Circuits now are being designed to take advantage of this FIB microsurgery. The results can be checked immediately and the new design further debugged by microprobing. This is an essential and much needed capability required for an effective design-debug strategy. Functional silicon for final verification can be provided in hours instead of the weeks required to generate a new mask set and fabricate wafers.3

A FIB/SEM Microprobe Station
The experience gained with SEM probe-station design was used in engineering vacuum-compatible probers for FIB and FIB/SEM systems. The first modules designed for a FIB were nicknamed mailbox probers because they had to pass through an airlock door similar to a mail slot. For FIB systems that do not have an airlock, a compact flat shape also is required to avoid interference with the detectors and gas-injection capillaries located within the FIB chamber.

Figure 3. Probe Station Drawer-Type FIB/SEM Specimen Chamber

A mailbox probe station for testing ICs that makes optimum use of the specimen chamber of the FIB/SEM is shown in Figure 3. The unit has four motorized probe arms; the use of subminiature motors results in a very flat structure. The positioning accuracy is within 1 �m under visual observation.

With optional built-in piezo translators, the positioning accuracy is increased to 4 nm. A small desktop controller operates three motors mounted to each one of the cross tables that drive the prober needles in X, Y, and Z, covering a range of 20 mm � 20 mm horizontally and 5 mm vertically. The speed of movement can be precisely controlled. The probe module also can be used outside the FIB/SEM while viewing with a light microscope.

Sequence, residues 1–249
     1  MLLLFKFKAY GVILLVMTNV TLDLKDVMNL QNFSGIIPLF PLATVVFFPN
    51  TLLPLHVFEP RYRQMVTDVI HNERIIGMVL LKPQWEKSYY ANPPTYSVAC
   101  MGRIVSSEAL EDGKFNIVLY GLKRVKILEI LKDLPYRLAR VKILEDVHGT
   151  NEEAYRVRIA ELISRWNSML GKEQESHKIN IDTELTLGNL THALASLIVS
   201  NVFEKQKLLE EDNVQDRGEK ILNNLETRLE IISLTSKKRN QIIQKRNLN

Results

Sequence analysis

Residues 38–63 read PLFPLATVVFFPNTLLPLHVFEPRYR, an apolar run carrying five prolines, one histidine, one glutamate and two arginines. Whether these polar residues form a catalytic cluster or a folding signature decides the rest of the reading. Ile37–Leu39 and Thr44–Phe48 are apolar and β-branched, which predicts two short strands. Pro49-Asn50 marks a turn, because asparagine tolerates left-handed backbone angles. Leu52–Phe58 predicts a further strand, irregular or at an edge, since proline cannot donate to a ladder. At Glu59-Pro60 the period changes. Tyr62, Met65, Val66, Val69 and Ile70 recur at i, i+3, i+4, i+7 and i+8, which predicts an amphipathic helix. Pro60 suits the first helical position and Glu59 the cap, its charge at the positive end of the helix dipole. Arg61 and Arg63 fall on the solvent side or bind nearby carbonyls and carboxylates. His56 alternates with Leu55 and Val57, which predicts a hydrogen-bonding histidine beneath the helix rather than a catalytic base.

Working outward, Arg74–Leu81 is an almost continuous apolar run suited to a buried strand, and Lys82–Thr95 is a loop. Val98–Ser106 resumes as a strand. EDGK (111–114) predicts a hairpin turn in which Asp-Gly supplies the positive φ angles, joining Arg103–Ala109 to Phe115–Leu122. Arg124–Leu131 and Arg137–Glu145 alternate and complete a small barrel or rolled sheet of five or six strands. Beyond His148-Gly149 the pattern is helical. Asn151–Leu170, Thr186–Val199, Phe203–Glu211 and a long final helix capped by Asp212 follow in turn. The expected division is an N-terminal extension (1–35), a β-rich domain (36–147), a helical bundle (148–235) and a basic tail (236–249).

Samples can be wafer pieces, bare circuit chips, or packaged devices. The specimens are mounted on top of the FIB/SEM stage�s rotation head, which is independent from the prober module and can rotate freely. The probing arms can be mechanically pre-aligned before loading into the FIB/SEM chamber to optimize their range of motion.

Conclusion
Today, circuits are being designed to enable automated FIB functional analysis, debug, and circuit editing.3 To take full advantage of these techniques, microprobe stations now operate in situ in FIB/SEM systems. On-silicon editing and probe testing can be done using one tool, speeding the use of the FIB/SEM for failure analysis, debug, and circuit editing. Since the revised circuits can be verified prior to final tape-out and mask fabrication, the yield ramp and time to market are dramatically reduced.

References
1. Meingailis, J., Post, R.T., Geis, M.W., and Mountain, R.W., �The Focused Ion Beam as an Integrated Circuit Restructuring Tool,� Journal of Vacuum Science and Technology B, January 1986, Vol. 4, Issue 1, p. 176.
2. Casey, J.D. et al., �Advanced Sub 0.13-�m Cu Devices�Failure Analysis and Circuit Edit With Improved FIB Chemical Processes and Beam Characteristics,� Proceedings 28th International Symposium for Testing and Failure Analysis, 2002, pp. 553-557.
3. Casey, J.D. et al., �Copper Device Editing: Strategy for Focused Ion Beam Milling of Copper,� Journal of Vacuum Science and Technology B, November 2002, Vol. 20, Issue 6, pp. 2882-2685.
4. Livengood, R.H. and Medeiros, D., �Design for (Physical) Debug for Silicon Microsurgery and Probing of Flip-Chip Packaged Integrated Circuits,� Proceedings International Test Conference, 1999, Paper 33.1, pp. 877-882.
5. Antoniou, N. et al., �End Point of Silicon Milling Using an Optical Beam Induced Current Signal for Controlling Access to Integrated Circuits for Backside Circuit Editing,� Journal of Vacuum Science and Technology B, November 2002, Vol. 20, Issue 6, pp. 2695-2699.

About the Authors
Richard Young is product line manager for Semiconductor Lab Products at FEI. He holds a Ph.D. in physics from the University of Cambridge and has been employed by FEI for 12 years. e-mail: [email protected]

Peter Carleson is product marketing manager for the Circuit Edit group at FEI. He graduated from Linfield College with a B.S. in physics and has been with the company 10 years. e-mail: [email protected]

FEI Company, 5350 NE Dawson Creek Dr., Hillsboro, OR 97124-5793, 503-726-7500

September 2004